Can't stop? Smoking less helps
Vicki Myers of Tel Aviv University found that while quitters had the biggest improvements in mortality rates, even those who reduced their smoking were able to cut their mortality risk by 15 percent.
Study: High vitamin D levels in pregnancy may protect mother more than baby against MS
Pregnant women who have higher levels of vitamin D in their blood may have a lower risk of developing multiple sclerosis than women with lower levels, while their babies may not see the same protective effect, according to a study published in the Nov.
Researchers use computer simulations to find true cost of HIV screenings
Introducing HIV screenings into the nation's emergency departments leaves some doctors worrying about longer wait times, disrupted operations, and possible interference with necessary emergency services.
Multiple sclerosis 'immune exchange' between brain and blood is uncovered
DNA sequences obtained from a handful of patients with multiple sclerosis at the University of California, San Francisco Medical Center have revealed the existence of an
American oak skeletonizer moth invades Europe
The North American oak skeletonizer, a very small moth, has invaded North West Europe since 1989, and feeds commonly on planted Northern red oaks in the Netherlands, Belgium and adjacent Germany.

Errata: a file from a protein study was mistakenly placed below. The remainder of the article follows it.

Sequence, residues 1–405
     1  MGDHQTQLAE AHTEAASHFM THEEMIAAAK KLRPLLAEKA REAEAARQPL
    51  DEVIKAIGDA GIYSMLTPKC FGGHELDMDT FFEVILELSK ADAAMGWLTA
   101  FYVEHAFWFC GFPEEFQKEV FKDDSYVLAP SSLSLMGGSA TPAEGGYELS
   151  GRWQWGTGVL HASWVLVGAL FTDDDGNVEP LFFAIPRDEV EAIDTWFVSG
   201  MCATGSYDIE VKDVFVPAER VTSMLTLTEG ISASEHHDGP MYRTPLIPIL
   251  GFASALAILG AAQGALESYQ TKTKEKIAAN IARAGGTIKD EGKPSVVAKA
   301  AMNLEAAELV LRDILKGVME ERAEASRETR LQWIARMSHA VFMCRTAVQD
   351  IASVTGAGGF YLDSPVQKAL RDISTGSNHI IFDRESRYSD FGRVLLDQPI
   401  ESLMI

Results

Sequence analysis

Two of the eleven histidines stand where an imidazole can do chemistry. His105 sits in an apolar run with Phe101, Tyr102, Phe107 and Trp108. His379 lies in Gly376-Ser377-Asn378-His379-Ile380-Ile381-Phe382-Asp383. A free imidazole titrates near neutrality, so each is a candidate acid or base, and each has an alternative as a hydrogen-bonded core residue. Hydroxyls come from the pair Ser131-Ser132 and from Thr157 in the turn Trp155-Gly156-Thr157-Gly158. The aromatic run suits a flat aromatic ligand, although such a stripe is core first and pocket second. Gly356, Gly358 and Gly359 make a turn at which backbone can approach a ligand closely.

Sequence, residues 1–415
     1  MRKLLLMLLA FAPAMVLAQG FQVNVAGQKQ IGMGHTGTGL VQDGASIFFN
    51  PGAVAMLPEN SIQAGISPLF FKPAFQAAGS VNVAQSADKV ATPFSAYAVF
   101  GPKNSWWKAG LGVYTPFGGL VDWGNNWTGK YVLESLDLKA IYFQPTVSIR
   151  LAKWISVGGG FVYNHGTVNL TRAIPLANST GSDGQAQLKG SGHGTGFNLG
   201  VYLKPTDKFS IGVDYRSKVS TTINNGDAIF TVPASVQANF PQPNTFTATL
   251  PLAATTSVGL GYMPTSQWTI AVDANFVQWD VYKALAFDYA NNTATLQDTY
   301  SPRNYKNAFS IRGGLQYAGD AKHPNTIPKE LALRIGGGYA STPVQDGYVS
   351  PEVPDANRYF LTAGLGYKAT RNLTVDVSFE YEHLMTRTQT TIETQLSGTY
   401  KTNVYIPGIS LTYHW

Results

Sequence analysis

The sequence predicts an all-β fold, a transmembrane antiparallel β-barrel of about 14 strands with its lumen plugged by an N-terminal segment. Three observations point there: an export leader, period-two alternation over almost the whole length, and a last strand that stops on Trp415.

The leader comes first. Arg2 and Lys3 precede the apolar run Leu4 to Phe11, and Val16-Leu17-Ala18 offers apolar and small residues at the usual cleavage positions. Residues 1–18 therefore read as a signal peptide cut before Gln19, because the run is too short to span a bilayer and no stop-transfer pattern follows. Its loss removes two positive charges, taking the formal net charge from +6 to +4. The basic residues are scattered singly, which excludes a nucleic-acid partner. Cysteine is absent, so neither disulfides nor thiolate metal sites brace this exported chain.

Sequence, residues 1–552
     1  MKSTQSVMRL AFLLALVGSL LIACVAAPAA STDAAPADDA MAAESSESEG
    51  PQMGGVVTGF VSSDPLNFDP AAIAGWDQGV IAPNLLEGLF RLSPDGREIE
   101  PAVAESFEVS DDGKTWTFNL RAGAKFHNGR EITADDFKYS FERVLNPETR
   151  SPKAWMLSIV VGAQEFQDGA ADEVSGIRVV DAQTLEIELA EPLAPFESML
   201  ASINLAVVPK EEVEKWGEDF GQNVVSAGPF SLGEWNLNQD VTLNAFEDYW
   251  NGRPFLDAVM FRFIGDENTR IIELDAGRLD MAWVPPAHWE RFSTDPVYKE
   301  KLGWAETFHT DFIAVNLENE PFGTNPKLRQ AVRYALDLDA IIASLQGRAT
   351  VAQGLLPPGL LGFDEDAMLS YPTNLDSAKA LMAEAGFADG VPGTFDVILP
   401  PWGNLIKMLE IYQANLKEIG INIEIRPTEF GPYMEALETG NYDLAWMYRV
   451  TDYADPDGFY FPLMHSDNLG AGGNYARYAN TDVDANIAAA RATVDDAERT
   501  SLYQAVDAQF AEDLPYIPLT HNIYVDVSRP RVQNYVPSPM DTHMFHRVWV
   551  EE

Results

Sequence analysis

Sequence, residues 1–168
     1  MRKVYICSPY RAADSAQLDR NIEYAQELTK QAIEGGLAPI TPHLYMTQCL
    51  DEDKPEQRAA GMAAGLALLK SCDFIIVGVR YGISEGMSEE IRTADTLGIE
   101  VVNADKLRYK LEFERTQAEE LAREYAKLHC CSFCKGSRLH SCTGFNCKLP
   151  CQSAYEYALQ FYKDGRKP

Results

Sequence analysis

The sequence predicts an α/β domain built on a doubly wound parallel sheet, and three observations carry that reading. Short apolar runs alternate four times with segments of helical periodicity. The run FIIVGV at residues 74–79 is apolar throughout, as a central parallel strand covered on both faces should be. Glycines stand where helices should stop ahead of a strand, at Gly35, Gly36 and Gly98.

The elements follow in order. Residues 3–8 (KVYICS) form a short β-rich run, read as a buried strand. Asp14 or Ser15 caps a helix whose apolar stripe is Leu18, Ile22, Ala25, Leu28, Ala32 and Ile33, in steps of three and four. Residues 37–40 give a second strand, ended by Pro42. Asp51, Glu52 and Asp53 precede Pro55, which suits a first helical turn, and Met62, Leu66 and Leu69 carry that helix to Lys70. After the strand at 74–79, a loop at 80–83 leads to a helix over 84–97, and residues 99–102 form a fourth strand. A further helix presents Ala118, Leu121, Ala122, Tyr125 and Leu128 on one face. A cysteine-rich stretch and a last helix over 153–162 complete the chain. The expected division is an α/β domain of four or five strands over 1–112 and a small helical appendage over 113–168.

New species literally spend decades on the shelf
Many of the world's most unfamiliar species are just sitting around on museum shelves collecting dust.
Immune cell migration is impeded in Huntington's disease
In this issue of the Journal of Clinical Investigation, researchers led by Paul Muchowski at the J.
Does your job increase your breast cancer risk?
Is there a link between the risk of breast cancer and the working environment?
Study reveals clues to cause of hydrogen embrittlement in metals
Hydrogen can easily dissolve and migrate within metals to make these otherwise ductile materials brittle and more prone to failures.
Columbia awards 2012 Naomi Berrie Award to Drs. Christophe Benoist & Diane Mathis
Columbia University Medical Center presented the 2012 Naomi Berrie Award to Christophe Benoist, MD, PhD, and Diane Mathis, PhD, both of Harvard Medical School, for their contributions to expanding understanding of the disease mechanisms underlying type 1 diabetes over the past three decades. research.